Removal of Bible extract from China's textbooks follows reproach of 'Western' influence

(Photo: REUTERS / Kim Kyung-Hoon)Children attend a Christmas mass at a Catholic church in Beijing December 24, 2014. Christmas is not a traditional festival in China but is growing in popularity, especially in more metropolitan areas where young people go out to celebrate, give gifts and decorate their homes.

Education authorities in Beijing have removed an extract from the Bible included in secondary school textbooks due to it receiving sharp criticism it was propagating "Western" values.

The Beijing Academy of Educational Sciences had included the extract from the Book of Genesis in textbooks meant for middle school students, said The Hindustan Times.

Officially atheist China has allowed bibles, along with Christianity since the early 1980s but there is now a pushback against Western thinking in all aspects of education, from economics to fairy tales, The Financial Times reported.

"The writing of our humanities textbooks must not be let loose . . . it affects politics, national unity and our people's solidarity," retired economics professor He Xin, a member of government advisory body the Chinese People's Political Consultative Conference, said on Weibo.

The tabloid Global Times reported it had been included "to broaden students' horizons by introducing them to Western mythology".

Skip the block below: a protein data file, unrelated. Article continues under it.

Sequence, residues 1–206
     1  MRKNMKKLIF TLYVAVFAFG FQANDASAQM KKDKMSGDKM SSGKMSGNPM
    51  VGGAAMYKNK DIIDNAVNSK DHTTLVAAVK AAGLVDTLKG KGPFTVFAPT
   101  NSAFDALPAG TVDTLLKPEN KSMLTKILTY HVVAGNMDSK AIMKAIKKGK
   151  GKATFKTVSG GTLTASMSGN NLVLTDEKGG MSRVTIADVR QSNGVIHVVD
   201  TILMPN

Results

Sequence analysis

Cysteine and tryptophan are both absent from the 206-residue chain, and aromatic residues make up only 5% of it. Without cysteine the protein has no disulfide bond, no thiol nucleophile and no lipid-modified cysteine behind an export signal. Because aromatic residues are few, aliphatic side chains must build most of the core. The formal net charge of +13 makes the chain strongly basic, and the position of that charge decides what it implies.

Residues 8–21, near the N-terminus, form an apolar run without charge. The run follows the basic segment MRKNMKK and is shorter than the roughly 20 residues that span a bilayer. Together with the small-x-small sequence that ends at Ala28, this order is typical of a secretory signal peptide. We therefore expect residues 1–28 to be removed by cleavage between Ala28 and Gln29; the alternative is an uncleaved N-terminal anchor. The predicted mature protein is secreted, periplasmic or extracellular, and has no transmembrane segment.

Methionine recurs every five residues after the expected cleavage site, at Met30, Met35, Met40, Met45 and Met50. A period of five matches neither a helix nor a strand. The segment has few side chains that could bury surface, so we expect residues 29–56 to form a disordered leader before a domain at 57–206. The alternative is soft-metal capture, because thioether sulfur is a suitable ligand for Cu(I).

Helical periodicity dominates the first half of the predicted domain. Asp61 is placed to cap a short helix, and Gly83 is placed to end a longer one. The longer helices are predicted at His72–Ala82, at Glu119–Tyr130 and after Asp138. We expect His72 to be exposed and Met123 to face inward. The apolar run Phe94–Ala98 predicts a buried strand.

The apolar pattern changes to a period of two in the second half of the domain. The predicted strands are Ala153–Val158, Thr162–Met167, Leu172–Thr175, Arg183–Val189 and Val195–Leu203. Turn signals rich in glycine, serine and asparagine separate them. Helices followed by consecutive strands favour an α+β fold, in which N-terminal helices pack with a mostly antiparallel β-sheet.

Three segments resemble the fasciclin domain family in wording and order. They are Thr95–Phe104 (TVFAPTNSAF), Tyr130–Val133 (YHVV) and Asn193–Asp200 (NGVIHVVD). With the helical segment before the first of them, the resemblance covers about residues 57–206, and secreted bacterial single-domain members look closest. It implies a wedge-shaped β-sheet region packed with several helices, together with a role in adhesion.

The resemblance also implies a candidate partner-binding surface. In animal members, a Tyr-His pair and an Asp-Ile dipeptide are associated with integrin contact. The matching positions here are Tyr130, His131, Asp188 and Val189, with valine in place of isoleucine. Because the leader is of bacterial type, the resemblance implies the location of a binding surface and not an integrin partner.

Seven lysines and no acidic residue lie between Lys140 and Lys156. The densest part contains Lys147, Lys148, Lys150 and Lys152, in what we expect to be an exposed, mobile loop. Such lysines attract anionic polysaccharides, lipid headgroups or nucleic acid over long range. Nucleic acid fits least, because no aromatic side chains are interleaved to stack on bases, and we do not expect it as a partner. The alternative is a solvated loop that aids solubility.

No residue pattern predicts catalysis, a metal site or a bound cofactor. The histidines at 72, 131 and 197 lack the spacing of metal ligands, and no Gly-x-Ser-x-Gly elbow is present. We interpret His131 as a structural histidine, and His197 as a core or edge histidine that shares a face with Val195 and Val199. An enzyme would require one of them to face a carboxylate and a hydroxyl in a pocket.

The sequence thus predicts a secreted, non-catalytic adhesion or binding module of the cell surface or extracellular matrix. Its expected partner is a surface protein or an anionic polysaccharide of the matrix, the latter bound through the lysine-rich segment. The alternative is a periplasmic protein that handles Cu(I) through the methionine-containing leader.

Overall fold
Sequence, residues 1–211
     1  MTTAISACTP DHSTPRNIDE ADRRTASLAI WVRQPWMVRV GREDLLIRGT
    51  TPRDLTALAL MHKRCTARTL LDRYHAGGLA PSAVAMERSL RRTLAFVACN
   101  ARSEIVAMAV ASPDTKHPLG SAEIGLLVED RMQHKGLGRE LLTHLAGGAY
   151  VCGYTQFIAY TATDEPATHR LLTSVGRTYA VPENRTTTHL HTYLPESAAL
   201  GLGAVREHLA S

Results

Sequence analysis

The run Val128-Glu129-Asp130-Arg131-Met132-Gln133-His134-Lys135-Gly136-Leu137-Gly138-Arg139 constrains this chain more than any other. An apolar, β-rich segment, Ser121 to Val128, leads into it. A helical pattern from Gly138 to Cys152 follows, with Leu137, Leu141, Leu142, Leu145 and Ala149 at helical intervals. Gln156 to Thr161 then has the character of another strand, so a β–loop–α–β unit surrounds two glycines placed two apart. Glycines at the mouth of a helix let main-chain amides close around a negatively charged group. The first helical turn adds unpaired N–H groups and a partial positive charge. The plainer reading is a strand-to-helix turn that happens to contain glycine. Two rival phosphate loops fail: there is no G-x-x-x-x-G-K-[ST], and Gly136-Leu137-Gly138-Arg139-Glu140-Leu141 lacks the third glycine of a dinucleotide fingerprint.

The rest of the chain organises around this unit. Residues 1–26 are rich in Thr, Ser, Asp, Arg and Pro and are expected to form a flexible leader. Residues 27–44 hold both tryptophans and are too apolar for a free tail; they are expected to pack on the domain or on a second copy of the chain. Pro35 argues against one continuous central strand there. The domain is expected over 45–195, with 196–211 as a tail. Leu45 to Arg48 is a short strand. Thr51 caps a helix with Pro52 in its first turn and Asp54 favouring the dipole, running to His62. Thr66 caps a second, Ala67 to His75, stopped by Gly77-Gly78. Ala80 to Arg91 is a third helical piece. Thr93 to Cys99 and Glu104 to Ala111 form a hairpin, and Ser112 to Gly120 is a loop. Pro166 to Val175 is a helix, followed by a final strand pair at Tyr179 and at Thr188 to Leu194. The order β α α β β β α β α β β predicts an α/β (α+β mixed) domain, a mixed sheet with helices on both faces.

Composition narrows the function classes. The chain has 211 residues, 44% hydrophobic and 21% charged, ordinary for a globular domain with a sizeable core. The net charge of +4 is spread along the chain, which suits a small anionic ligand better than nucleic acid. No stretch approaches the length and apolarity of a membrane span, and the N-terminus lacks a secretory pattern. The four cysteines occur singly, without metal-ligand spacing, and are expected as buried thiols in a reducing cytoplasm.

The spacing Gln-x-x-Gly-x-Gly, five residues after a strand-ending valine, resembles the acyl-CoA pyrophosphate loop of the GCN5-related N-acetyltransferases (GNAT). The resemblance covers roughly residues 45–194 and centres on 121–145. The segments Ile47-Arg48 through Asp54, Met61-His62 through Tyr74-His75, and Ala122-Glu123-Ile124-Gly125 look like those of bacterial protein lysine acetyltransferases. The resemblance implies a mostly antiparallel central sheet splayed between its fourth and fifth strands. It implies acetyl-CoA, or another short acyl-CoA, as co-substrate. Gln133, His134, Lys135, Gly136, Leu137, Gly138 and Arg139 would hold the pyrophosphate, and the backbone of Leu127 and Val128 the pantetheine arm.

"Columnist Wang Xiaoshi published a commentary on Hainan-based news site, saying that the textbook violates China's Education Law, which mandates that China adopt the principle of separation of education and religion," the newspaper said in a report.

The Beijing Academy of Educational Sciences had included extracts from the Bible's Book of Genesis in its Chinese language textbook for first-year middle school students since early 2002.

But the book recently triggered lively discussion online, as some netizens questioned why the Christian content appeared in a textbook in a secular country, The Global Times reported.

An employee from BAES previously told the Beijing Youth Daily that they had included the Bible story to broaden students' horizons by introducing them to Western mythology.

Mei Hualong, a PhD candidate in Ancient Near Eastern Studies at Harvard University, was quoted by news site as saying that the Bible originated from the ancient Middle East and has greatly influenced the West.

The book is thus an important channel for students to learn more about the outside world, and including some of its contents in a textbook reflects China's cultural confidence, Mei asserted.

The latest Bible attack follows a ruling last year from the minister of education that Western ideas have no place in Chinese textbooks, said The Financial Times.

Im may a group of professors called on the government to have more Marxist economics in place of Western economics in university courses.

"In the past two years I've seen a new push to emphasise traditional Chinese culture in textbooks and exam questions," said Li Xue, a secondary-school teacher in Beijing. "We never had to learn so many classical fables when we were in school as I see my daughter learning. It's the new top-down policy direction."

The writers of the secondary-school book defended their inclusion of the Bible, saying they wanted to broaden students' understanding of mythology by including a famous western tale, according to an interview in the Beijing Youth Daily, a State-run newspaper.

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